Bristol Herald Courier August 2, 2018


Washington County Educators Seek to Better Handle Students' Trauma

 
SEL Summit Virgina 8:2:18 Article.png
 

ABINGDON, Va. — There are millions of children across the U.S. who have experienced trauma, and Washington County Public Schools took a step Friday to address its students’ needs.

More than 700 Washington County educators gathered at Abingdon High School for a series of seminars designed to address what trauma is, its effects on those who experience it and how to handle it through mindfulness, lesson planning and classroom transformation.

Various experiences can be traumatic for a child such as abuse, loss of a loved one or drug abuse by family members, which is something many children experience as a result of the region’s ongoing opioid crisis.

The event was set up through the school district and mindSpark Learning, a Denver-based nonprofit that focuses on providing development and education to educators.

Last year, the school district held an event about developing school culture, and Superintendent Brian Ratliff said tackling trauma and social and emotional needs of students as well as education needs were the next steps.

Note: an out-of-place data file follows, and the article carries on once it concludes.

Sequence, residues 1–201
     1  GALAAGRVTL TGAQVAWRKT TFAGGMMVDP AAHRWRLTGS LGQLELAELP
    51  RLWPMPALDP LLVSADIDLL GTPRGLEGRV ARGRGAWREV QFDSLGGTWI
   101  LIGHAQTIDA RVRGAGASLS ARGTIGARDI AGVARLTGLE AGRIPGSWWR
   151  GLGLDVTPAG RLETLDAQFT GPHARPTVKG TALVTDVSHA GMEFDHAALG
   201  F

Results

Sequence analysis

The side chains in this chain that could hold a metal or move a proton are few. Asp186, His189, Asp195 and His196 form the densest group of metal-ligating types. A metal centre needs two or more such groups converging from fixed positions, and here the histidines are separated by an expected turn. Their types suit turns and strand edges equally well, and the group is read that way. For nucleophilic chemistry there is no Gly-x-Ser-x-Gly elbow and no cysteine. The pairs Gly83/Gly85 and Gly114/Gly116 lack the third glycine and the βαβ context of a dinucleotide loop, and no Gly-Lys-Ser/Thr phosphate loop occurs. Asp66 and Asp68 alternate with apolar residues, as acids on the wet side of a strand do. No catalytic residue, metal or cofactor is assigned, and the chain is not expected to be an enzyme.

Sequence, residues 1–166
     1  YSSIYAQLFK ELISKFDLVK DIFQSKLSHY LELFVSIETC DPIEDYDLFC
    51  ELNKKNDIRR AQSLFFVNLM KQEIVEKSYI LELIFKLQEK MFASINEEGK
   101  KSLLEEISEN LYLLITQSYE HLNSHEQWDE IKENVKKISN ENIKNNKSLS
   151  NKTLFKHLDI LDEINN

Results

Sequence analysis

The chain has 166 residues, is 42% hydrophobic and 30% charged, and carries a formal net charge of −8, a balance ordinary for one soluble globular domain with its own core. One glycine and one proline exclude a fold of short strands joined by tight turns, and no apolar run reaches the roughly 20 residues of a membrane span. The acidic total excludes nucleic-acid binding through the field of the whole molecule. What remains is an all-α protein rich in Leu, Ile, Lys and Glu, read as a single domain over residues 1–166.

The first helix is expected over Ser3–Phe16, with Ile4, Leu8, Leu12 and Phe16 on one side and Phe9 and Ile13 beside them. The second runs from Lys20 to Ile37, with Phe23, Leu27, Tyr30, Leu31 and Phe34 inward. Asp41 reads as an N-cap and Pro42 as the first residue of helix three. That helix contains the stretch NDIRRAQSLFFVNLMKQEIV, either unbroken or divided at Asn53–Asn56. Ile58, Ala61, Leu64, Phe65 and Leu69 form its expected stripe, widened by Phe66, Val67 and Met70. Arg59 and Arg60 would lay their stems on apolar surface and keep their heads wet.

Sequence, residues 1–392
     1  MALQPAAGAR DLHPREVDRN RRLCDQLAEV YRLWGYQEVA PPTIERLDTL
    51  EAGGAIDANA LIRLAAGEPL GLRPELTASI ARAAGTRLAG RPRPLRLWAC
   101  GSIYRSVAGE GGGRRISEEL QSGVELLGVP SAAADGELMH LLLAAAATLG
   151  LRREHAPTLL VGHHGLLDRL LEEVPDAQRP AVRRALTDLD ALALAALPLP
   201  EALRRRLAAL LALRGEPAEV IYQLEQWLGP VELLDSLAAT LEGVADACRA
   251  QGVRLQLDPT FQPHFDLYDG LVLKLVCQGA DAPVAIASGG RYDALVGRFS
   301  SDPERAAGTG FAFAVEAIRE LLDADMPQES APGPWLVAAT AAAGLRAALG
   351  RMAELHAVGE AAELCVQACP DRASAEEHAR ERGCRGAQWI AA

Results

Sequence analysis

Amanda Hogston, who teaches first grade at Watagua Elementary School, said she will definitely take some of the things she learned like mindfulness into her classroom.

Janet Lester, elementary school supervisor for Washington County who helped arrange the seminars, said the event was held so teachers can better identify and work with students who have experienced trauma.

“What we’ve noticed is younger and younger students are coming in, and they can’t engage, they misinterpret social cues, they don’t participate well in groups,” Lester said.

A 2011 and 2012 survey by National Survey of Children found that about 48 percent of all children across the U.S. have been affected by one or more adverse experiences.

According to the National Child Stress Network, the effects of trauma can manifest differently in children. While some may suffer few negative effects, others may develop symptoms such as stunted cognitive development that can cause children to have issues with learning and memory or cause them to act out. Others may develop post traumatic stress disorder or similar symptoms.